- Pedigree Pet Food Recalled in California
- Insufficient Therapy May Have Been Given to Vets With Prostate Cancer
- Vitamin D Levels May Affect Chronic Pain in Women
- Botox Treatments Increase, Despite Slowing Economy
- Oily Fish May Protect Against Eye Disease: Study
Here are some of the latest health and medical news developments, compiled by editors of HealthDay:
Pedigree Pet Food Recalled in California
California health officials have recalled a type of Pedigree bagged pet food that may be contaminated with salmonella, the Associated Press reported Wednesday.
Certain 20-pound bags of Pedigree Complete Nutrition Small Crunchy Bites were pulled from the market after the manufacturer -- Mars Petcare US of Franklin, Tenn. -- said an ingredient that should not have been used after positive test results was accidentally shipped to a California distribution facility in Tracy. The bags have best buy dates of 07/2009.
The ingredient was used in about 100 bags of food that were sent to Albertson's stores in southern California and to Costco locations across the state, the wire service said.
There have been no reports of illness among pets that ate the recalled food.
Insufficient Therapy May Have Been Given to Vets With Prostate Cancer
The Philadelphia VA Medical Center says it may have given insufficient radiation therapy to as many as 114 veterans with prostate cancer during the past six years, the Associated Press reported.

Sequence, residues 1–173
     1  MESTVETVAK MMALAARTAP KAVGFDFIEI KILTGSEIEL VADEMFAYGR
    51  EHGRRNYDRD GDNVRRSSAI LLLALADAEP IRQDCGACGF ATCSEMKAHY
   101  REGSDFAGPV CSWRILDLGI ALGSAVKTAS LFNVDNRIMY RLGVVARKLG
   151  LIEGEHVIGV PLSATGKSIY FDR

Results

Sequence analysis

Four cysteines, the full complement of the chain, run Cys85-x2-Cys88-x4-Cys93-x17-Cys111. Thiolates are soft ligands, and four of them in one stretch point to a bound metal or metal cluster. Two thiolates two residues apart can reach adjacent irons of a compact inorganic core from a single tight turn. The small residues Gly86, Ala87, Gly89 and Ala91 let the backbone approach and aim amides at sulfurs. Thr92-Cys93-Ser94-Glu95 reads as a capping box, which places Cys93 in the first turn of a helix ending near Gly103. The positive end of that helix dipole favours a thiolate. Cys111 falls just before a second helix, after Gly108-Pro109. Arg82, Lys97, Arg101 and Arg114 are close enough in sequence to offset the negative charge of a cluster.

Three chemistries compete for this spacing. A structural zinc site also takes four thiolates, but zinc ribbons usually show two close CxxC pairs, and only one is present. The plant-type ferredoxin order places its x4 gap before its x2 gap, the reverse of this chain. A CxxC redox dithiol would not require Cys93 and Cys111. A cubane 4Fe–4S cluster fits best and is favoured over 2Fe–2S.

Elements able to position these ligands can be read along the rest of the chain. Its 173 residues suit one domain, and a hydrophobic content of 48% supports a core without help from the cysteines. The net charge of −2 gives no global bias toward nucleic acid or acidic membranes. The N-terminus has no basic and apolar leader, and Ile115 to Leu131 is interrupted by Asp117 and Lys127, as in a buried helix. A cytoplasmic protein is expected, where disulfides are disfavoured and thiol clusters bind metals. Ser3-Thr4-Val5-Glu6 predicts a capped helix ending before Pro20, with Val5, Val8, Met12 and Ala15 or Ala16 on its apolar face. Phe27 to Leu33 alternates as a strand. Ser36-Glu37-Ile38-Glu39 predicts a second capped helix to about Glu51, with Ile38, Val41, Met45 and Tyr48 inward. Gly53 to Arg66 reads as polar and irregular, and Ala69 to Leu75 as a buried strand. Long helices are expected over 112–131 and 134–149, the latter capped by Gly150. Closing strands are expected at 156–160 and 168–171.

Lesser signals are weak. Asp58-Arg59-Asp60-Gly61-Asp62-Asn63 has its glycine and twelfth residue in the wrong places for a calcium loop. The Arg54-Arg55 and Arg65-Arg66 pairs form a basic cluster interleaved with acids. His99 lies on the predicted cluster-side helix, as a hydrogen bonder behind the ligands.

Two of the veterans have died, and a hospital spokeswoman said the facility hadn't determined whether their deaths were related to the possible error.
The veterans had radioactive "rods" or "seeds" implanted that were designed to destroy nearby cancer cells. Most men who undergo that procedure as their only treatment have low-risk prostate cancer, the AP said.
The hospital said it has suspended the program until it concludes an investigation, the wire service reported.
Vitamin D Levels May Affect Chronic Pain in Women
Low levels of vitamin D may contribute to chronic pain in women, suggests a study that looked at 7,000 women and men in England, Scotland and Wales.
Higher rates of chronic pain were reported by smokers, non-drinkers, and overweight and underweight people. Among women, vitamin D levels also seemed to be a major factor, BBC News reported.
Women with vitamin D levels between 75 and 99 mmol/liter -- a range believed necessary for good bone health -- had the lowest rates of chronic pain (8 percent), while women with vitamin D levels less than 25 mmol/liter had the highest rates of chronic pain (14.4 percent).
No link between vitamin D and chronic pain was seen in men, which suggests female hormones may be a factor, said the researchers from the Institute of Child Health in London. They said further research is needed to determine if vitamin D supplements can protect women against chronic pain, BBC News reported.
The study was published in the journal Annals of Rheumatic Diseases.
Botox Treatments Increase, Despite Slowing Economy
The economy may be in decline, but U.S. sales of Botox increased 13 percent to $316 million in the last quarter, according to the American Society for Dermatologic Surgery.
A survey of members found that 40 percent of respondents said their current number of Botox procedures had increased compared to six months ago, and 28 percent of respondents said their current use of fillers increased up to 30 percent compared to six months ago, United Press International reported.
It's not surprising that demand for cosmetic procedures is increasing during tougher economic times, said one doctor.
"Despite what's going on in the economy, people are looking for ways to keep a youthful appearance not just for personal reasons but for their careers," Dr. Kimberly Finder, director of The Face Place in San Antonio, said in a news release, UPI reported. "Who wants to go to work or to an interview and look tired?
Oily Fish May Protect Against Eye Disease: Study